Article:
Rémy Martin’s XO cognac is proof that one of the biggest cognac houses is also one of the best.
Classification XO Cognac
Company Rémy Cointreau
Distillery Rémy Martin (Touzac, Cognac, France)
Cask type French limousin oak
Still type copper pot (alembic charentais)
Released 1981; ongoing
Proof 80 (40% ABV)
Aged at least 10 years
Like all of Rémy Martin’s cognacs, this XO uses grapes sourced exclusively from the Grande Champagne and Petite Champagne crus (growing areas), regarded as the highest quality of the six crus permitted by French law.
While displaying the richness and complexity that are hallmarks of the best XOs, it avoids the excessive woodiness that can be the category’s Achilles heel.
Too pricey to use as a mixer
Color: Deep reddish-copper with hints of gold
Nose: Fruity, sweet, gentle and inviting, with light grape, peach and melon, along with floral notes and hints of baking spices
Palate: Sweet but not cloying; very fruity, with dates and ripe grapes as the featured players, supported by honey, buttered pastries (like a warm cinnamon bun) and just a hint of maple syrup, with oaky spice on the back of the palate
Finish: Tangy and fruity, along with baking spices—cinnamon and clove predominate—and dry oak
Rémy Martin is named after the winegrower who started selling cognac under his own name in 1724. The brand as we know it today, one of the best-known and most popular cognacs in the world, evolved throughout the 20th century. The first VSOP expression was launched in 1927. In 1948, the decision was made to use grapes exclusively from the Petite Champagne and Grand Champagne crus, resulting in higher-quality eaux-de-vie. And while it seems that Rémy’s iconic XO expression has been around forever, it was launched only relatively recently, in 1981.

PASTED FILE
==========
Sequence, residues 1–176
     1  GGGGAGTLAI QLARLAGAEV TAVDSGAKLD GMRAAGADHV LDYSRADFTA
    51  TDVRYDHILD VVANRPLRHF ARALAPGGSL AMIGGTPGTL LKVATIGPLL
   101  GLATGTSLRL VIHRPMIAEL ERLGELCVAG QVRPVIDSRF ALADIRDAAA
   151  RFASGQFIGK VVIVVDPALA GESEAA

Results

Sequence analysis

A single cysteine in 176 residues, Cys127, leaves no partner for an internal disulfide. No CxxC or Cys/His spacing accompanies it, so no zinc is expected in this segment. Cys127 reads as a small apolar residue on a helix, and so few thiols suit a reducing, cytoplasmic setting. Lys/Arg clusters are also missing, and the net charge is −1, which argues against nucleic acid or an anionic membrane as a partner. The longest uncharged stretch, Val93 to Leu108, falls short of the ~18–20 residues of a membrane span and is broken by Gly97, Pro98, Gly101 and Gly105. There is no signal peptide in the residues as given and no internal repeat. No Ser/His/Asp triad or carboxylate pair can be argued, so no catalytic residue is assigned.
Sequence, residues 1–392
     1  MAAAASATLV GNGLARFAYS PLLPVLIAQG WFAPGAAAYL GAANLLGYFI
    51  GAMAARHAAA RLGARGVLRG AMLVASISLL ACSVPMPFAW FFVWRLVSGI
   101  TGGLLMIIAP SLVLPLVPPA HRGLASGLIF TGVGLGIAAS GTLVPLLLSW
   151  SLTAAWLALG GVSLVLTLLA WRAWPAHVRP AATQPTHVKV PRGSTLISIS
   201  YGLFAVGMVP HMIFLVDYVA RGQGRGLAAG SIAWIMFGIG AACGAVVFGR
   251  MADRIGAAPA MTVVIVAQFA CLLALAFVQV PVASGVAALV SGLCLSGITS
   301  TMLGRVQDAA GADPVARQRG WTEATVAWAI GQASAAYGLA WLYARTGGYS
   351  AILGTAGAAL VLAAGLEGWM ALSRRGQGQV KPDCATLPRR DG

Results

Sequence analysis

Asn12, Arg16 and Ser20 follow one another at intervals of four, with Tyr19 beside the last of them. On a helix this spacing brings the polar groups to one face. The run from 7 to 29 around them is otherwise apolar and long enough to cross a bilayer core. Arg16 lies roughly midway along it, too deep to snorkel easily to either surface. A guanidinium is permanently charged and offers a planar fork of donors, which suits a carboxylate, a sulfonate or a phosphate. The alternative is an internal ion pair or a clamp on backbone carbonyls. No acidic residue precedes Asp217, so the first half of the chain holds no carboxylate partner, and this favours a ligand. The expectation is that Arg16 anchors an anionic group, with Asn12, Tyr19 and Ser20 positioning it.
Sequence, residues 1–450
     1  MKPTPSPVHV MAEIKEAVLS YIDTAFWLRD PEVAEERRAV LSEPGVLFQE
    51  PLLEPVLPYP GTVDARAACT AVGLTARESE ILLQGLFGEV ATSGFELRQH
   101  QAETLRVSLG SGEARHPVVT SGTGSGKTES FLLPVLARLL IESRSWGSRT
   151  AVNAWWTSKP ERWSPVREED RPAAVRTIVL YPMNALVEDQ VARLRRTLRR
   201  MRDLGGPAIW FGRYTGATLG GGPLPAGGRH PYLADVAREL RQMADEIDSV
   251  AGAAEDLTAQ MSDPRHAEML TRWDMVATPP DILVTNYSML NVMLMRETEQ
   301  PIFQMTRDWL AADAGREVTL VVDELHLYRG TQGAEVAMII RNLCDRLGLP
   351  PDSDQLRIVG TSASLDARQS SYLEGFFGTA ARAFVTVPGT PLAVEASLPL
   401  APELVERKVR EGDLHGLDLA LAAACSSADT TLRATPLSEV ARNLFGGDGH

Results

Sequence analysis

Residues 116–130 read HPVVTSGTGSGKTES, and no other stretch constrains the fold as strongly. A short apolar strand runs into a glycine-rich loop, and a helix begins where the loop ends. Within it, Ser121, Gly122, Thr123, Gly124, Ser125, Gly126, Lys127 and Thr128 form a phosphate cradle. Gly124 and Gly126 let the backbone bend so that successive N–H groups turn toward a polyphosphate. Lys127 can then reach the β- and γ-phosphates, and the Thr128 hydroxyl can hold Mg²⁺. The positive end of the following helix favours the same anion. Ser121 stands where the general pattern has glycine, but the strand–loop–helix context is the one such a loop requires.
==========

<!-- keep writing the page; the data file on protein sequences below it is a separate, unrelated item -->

Lesser XO cognacs (XOs, by law, must contain no eaux-de-vie younger than 10 years old) can taste like they’ve spent a little too long in the barrel, with an astringent woodiness overwhelming the other flavors. Not so here: This is a cognac that doesn’t let you forget that it’s distilled from fruit, namely a blend of 85% Grande Champagne and 15% Petite Champagne grapes, which gives it the Fine Champagne designation. Though the eaux-de-vie are aged for at least a decade, and some doubtlessly much longer, the blend tastes quite young and lively. The richness and full body, however, are reminders that it’s an XO.
The fruitiness is amplified by a buttery, sumptuous mouthfeel that coats the tongue like velvet. It’s somewhat similar to Rémy’s 1738 Accord Royal expression, which contains eaux-de-vie ranging from 4 to 20 years, but the XO is richer and more complex. If the 1738 is a college-level course in making fine cognac, the XO is a master class.
This cognac would surely make a terrific cocktail, but it’s such a perfect sipper that it seems a crime to mix it with anything except a glass and your mouth. Rémy’s stature as one of the biggest houses in Cognac may put off some who like to seek out lesser-known brands, but this is a cognac that anyone who appreciates the category will enjoy.
Rémy Martin’s XO expression uses up to 400 different eaux-de-vie in its blend, all of them from the Grande Champagne and Petite Champagne cru.
Although Rémy Martin is one of the largest cognac houses, it has been run by two families (Rémy Martin and Hériard Dubreuil) for its entire history.